So in the season of advent, we remember His coming, and we prepare our hearts and our minds for His coming again.  Especially today, on the first Sunday of Advent, when we emphasize his promised coming again.  What does that mean for you?  Does the promise of his second coming influence your attitudes this time of year?  Does the knowledge that when the time is right, he will come back, change your outlook?  I hope that you are filled with an inner peace knowing that.  I hope that it not only affects who you are, but that it actually defines who you are.  That you are truly one that lives for the day he will come back, just as he said he would.  
Our reading in Isaiah gives us a glimpse of what it will be like when he gets here.  The mountain of the Lord’s temple, which is Mount Moriah in Jerusalem, will be established as the chief among mountains, all nations will stream to it – they will look to it as the center of power in all the world.  Revelation 21 talks about the New Jerusalem, God himself will live there and will rule the nations.  And as we heard this morning, swords will be beat into plow shares and spears into pruning hooks, because swords and spears will no longer be needed.  The world will be at peace.  My friends, I don’t believe the world will ever truly be at peace until this day comes.  But this day will come!
In fact, I think that it will more than likely come in my lifetime.  If not, then at least in the lifetime of our kids.  I have a couple of reasons for believing that, maybe someday I’ll share them with you.  But we can certainly echo the idea that Paul wrote to the Romans, that that time is nearer now than when we first believed.  Surely the day is almost here, the hour has come for us to wake up from our slumber.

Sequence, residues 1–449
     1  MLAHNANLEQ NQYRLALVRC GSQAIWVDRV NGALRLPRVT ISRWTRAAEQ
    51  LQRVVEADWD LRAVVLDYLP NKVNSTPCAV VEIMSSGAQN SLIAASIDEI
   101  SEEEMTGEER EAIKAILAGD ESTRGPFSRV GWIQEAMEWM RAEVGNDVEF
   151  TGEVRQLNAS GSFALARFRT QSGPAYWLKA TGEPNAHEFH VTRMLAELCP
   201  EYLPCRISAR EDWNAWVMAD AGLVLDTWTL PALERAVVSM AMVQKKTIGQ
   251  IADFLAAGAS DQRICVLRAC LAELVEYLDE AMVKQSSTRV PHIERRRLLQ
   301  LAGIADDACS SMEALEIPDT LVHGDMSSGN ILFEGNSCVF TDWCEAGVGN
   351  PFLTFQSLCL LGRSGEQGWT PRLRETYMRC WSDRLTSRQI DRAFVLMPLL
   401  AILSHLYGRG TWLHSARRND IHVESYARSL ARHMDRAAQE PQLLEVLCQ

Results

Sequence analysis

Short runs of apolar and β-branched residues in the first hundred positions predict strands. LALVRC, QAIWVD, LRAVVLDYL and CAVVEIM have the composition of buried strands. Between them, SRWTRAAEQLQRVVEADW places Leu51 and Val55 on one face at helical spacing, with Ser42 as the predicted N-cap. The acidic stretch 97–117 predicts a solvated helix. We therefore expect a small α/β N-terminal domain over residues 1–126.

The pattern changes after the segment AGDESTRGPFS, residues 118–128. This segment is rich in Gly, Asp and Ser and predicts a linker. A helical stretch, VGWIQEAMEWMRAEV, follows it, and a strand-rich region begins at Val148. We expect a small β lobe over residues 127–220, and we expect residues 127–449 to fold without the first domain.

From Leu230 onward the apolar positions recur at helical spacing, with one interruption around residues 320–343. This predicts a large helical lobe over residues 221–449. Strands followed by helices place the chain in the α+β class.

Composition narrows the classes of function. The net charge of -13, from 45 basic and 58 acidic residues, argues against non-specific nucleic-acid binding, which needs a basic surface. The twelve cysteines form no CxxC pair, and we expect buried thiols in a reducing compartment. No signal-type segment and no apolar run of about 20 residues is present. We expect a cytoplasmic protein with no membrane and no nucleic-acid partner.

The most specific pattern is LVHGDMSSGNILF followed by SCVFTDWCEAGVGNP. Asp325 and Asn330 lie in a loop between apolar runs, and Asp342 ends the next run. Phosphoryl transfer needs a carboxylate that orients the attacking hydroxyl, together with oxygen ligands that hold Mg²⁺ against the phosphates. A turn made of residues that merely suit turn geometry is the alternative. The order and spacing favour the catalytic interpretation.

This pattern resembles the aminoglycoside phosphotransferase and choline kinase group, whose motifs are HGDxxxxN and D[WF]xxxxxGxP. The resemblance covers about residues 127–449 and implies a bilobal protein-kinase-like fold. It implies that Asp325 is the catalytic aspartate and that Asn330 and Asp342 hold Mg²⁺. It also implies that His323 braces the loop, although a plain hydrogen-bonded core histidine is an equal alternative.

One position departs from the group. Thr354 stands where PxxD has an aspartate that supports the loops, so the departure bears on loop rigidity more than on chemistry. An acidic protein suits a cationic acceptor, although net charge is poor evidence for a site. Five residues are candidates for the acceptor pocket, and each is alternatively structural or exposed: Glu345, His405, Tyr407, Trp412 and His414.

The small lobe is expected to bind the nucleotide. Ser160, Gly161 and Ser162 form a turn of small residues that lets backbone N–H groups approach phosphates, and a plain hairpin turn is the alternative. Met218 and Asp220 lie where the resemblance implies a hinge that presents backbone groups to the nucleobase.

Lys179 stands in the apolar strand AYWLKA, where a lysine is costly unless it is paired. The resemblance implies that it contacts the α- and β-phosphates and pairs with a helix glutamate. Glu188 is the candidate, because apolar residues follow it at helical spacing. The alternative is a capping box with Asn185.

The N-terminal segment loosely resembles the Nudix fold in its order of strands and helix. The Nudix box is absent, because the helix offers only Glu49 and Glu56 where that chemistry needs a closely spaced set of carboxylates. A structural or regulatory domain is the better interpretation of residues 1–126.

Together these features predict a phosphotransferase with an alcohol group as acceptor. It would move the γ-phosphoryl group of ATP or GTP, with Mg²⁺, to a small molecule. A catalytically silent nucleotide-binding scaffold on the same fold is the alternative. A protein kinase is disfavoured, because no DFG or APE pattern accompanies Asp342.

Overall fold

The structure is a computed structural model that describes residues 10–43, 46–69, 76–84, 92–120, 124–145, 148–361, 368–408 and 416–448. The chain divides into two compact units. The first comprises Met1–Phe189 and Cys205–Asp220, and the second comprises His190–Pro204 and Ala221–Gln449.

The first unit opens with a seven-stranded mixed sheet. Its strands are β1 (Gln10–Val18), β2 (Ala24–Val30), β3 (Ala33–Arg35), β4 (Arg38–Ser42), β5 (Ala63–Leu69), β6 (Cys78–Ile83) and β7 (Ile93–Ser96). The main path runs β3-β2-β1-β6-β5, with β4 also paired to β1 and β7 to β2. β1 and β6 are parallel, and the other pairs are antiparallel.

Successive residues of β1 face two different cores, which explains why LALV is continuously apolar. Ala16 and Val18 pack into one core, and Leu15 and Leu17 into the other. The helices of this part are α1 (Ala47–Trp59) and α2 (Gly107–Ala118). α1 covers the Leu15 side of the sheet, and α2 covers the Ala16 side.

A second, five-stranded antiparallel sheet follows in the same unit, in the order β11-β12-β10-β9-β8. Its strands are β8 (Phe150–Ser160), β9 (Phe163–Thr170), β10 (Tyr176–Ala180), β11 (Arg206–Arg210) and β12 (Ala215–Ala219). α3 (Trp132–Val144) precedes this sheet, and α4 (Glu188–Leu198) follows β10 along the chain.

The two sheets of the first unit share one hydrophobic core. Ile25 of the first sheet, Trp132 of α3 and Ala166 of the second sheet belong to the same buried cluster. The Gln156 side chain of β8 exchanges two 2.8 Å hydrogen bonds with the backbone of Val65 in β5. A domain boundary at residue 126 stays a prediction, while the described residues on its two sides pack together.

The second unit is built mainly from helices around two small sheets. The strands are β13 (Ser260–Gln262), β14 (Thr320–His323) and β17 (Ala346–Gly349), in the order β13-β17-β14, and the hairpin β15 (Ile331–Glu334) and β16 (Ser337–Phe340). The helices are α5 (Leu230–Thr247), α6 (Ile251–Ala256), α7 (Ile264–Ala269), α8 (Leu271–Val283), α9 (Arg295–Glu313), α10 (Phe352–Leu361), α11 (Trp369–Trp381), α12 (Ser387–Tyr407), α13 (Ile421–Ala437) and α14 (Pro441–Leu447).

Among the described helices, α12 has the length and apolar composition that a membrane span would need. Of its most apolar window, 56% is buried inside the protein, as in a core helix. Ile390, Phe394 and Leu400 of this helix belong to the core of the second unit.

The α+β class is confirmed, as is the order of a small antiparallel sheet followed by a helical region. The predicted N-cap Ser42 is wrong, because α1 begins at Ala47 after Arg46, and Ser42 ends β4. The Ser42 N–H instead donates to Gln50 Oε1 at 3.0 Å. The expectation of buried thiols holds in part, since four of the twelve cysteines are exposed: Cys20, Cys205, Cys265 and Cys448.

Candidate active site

If they felt that the time was that close 2000 years ago, then certainly it is much closer now.  He talked about the night being almost over, that refers to the evil times they lived in.  Those evil times are not yet gone, are they.  We live in evil times today, don’t we?  If you watch the news, you know that.  Last year, a hunter shot six people dead because one of them told him to get out of their tree-stand.  This guy was hunting on posted property without permission, climbed up into somebody else’s tree stand, and when the owner of the property told him to leave, he got into an argument and wound up killing six and injuring at least two others.  
If that’s not enough proof of the evil around us, how about this one.  A soldier from Iraq had to fly home to be with his wife, who was in intensive care in the hospital after being shot in the head while going to a shopping mall.  The fellow that did it didn’t know her, it was a drive by shooting, and the police said he was just out looking for someone to kill, it didn’t matter who.  This guy spent a year in a war zone, only to find out that the home he left was just as dangerous.  We don’t need any more proof that we live in evil days, do we?  The media wants to convince us that Iraq was a big failure.  We heard of names of every soldier that died there.  And each was a tragedy

But we don’t often hear how many thousands are killed here in our own country each day by the evil around us.  We don’t often hear how many young women are shot down trying to get into the shopping mall.  Or how many hunters shot down while trying to enjoy their own property, and maybe even bring home some dinner.  Innocent people that just happen to be in the wrong place at the wrong time and fall victim to the same evil Paul wrote about 2000 years ago.